Jargon and acronyms should be kept to the absolute minimum, or if they must exist, they should be metatagged with common english counterparts eg. Penalty Charge Notice should be crossindexed with parking fine and parking ticket.
Use http://getsatisfaction.com to collect problems and suggestions in one place.
Then have people employed to answer them, and engage in a conversation about the most interesting ones.
Think about your users - organize information in ways that make sense to them, not in ways that match your organizational structure!
The home page should have a list of links that cover the main user tasks, as well as allowing the user to search by keyword, subject area, and offer predictive results as they type.
This should be a no-brainer, but sadly it appears not to be. Yes there will always be problems no matter how much testing is done, but NEVER launch a site without ensuring that the majority of links work and that most of the pages contain content.
A council's website should publish data in open formats which can be resused by external bodies or individuals.
The search engine on the site should be prominent and *work* - ie not produce lists of thousands of PDFs or word documents.
A council website should support users needing grassroots 'community' information and could engage more effectively if it had a companion portal (or even better - as part of its main site) for communities, business and residents to participate with; much like the model at - http://www.citysoup.ca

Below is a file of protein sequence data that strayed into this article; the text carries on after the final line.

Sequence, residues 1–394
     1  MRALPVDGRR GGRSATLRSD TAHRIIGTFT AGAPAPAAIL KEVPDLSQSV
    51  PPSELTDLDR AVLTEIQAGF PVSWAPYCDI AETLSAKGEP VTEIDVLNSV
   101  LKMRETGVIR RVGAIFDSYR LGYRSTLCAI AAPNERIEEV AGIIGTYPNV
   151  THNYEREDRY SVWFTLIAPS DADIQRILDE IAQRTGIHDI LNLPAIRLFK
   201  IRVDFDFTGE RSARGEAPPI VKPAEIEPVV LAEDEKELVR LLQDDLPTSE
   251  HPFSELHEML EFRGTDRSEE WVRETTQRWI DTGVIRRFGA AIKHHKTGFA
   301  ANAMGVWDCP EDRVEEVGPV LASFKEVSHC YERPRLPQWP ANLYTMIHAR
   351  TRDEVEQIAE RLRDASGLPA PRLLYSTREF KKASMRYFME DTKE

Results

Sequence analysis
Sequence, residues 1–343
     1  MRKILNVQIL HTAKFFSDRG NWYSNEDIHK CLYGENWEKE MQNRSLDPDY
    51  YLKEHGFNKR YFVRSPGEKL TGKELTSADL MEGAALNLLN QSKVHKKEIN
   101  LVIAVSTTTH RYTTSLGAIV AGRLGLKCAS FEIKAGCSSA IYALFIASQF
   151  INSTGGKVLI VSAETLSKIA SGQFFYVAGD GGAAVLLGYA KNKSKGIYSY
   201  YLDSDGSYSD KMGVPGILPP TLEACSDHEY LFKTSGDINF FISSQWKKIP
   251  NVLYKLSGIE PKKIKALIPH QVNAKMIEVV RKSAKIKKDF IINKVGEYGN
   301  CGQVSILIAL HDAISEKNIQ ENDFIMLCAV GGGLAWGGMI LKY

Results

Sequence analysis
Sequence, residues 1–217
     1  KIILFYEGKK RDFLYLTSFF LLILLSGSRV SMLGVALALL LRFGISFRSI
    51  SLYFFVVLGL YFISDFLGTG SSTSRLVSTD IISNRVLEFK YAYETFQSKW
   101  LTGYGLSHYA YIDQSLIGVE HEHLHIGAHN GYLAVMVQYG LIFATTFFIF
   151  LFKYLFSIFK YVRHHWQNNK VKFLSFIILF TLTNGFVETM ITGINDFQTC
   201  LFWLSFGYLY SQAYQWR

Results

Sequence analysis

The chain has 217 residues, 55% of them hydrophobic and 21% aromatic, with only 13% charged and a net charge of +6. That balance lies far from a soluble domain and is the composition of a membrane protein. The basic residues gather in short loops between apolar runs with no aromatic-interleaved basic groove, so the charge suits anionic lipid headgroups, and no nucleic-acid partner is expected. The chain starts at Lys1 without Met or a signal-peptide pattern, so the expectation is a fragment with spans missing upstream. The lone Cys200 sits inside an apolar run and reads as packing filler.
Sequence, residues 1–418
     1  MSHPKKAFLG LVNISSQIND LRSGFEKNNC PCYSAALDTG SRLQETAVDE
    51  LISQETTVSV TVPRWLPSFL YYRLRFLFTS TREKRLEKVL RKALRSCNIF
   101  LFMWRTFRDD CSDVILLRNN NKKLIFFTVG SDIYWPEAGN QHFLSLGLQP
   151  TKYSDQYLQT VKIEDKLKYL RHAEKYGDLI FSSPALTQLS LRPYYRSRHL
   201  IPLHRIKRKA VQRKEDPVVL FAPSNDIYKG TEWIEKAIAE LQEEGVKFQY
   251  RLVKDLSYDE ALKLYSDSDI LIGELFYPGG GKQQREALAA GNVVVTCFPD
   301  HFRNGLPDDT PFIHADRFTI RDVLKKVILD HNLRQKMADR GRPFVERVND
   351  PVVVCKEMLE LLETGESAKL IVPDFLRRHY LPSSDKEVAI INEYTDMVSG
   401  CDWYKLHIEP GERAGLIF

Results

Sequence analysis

Ask for testers from the community that will/do use the site. Go out and seek people with different technological and physical capabilites and needs and build up a strong and diverse user testing base for invaluable, direct, practical feedback.
Tell people when a link is going to a PDF and include the size in KB/MB
Services that poke you when something of interest happens and help you sort something out when you are annoyed. Council websites should not be destinations/portals.
People who live on ward boundaries will want information on things outside of that area. Geocode everything physical or that relatest to specific physical areas, and then allow for browsing via map and other locative means.